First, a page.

5. At their summit in Elmau, G7 Leaders reaffirmed a shared commitment to preventing Russia from profiting from its war of aggression, to supporting stability in global energy markets and to minimising negative economic spillovers, especially on low- and middle-income countries. To deliver on this commitment, today we confirm our joint political intention to finalise and implement a comprehensive prohibition of services which enable maritime transportation of Russian-origin crude oil and petroleum products globally – the provision of such services would only be allowed if the oil and petroleum products are purchased at or below a price (“the price cap”) determined by the broad coalition of countries adhering to and implementing the price cap.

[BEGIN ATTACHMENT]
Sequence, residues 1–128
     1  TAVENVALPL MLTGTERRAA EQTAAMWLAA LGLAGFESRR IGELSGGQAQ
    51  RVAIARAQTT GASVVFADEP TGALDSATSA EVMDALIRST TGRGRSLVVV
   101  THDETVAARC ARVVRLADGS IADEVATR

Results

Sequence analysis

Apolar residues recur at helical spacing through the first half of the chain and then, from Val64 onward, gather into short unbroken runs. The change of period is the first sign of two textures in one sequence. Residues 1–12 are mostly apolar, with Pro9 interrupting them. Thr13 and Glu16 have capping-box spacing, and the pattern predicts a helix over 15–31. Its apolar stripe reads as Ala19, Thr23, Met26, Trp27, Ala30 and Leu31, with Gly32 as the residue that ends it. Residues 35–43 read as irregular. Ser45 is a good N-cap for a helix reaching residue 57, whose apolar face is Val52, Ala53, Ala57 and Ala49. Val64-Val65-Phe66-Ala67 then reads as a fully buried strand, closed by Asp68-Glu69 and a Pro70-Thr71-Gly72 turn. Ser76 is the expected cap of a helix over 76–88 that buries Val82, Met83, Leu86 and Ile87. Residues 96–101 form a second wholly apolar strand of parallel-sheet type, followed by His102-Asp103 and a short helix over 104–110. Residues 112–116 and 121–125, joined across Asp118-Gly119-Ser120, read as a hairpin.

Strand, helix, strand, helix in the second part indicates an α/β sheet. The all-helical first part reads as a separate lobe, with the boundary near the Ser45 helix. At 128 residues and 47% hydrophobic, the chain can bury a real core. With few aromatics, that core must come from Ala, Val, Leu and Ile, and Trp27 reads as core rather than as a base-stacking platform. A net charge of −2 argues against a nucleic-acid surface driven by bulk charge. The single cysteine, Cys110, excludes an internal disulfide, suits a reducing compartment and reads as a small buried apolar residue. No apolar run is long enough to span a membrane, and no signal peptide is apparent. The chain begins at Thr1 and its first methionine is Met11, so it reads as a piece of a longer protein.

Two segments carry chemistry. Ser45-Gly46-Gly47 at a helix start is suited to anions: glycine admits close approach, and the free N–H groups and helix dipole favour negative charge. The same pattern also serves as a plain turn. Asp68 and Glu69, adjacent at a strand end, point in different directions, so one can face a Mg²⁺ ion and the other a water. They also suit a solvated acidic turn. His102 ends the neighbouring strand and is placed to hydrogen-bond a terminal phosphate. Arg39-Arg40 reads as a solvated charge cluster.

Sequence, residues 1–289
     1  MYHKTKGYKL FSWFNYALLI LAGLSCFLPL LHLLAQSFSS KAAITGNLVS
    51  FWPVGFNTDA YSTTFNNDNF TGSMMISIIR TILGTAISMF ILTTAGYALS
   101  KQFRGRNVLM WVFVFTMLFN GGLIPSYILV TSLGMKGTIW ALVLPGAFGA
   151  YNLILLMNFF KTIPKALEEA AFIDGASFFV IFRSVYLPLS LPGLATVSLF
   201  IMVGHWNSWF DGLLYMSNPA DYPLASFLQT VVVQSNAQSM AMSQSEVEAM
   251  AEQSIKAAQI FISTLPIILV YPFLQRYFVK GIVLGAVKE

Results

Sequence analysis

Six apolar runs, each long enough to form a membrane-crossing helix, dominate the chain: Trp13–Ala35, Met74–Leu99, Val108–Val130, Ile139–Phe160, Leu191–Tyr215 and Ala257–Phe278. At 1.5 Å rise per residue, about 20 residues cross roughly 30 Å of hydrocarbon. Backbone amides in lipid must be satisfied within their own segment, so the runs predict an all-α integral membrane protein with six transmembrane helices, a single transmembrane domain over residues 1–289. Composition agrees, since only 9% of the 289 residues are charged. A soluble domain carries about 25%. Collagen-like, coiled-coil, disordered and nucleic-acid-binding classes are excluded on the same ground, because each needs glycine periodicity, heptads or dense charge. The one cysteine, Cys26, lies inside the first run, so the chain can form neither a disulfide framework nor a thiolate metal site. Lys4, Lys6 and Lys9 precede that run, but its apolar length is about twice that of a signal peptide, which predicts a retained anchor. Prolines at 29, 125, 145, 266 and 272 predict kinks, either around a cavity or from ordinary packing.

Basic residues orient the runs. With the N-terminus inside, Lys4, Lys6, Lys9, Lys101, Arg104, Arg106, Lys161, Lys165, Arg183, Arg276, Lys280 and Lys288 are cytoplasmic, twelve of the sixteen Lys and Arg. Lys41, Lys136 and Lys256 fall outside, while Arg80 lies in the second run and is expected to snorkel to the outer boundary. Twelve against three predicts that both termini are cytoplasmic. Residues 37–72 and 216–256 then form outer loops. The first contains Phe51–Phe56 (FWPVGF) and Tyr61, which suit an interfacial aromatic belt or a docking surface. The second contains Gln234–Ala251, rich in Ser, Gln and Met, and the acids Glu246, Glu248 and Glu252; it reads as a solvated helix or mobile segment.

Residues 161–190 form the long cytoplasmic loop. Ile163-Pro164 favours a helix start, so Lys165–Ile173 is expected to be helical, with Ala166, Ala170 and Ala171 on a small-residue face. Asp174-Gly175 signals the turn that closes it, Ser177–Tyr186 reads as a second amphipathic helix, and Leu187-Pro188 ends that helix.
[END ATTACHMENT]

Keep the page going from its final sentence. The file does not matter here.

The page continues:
6. The price cap is specifically designed to reduce Russian revenues and Russia ?s ability to fund its war of aggression whilst limiting the impact of Russia’s war on global energy prices, particularly for low and middle-income countries, by only permitting service providers to continue to do business related to Russian seaborne oil and petroleum products sold at or below the price cap. This measure would thus build on and amplify the reach of existing sanctions, notably the EU’s sixth package of sanctions, ensuring coherence through a strong global framework.1 We welcome the decision of the European Union to explore with international partners ways to curb rising energy prices, including the feasibility of introducing temporary import price caps.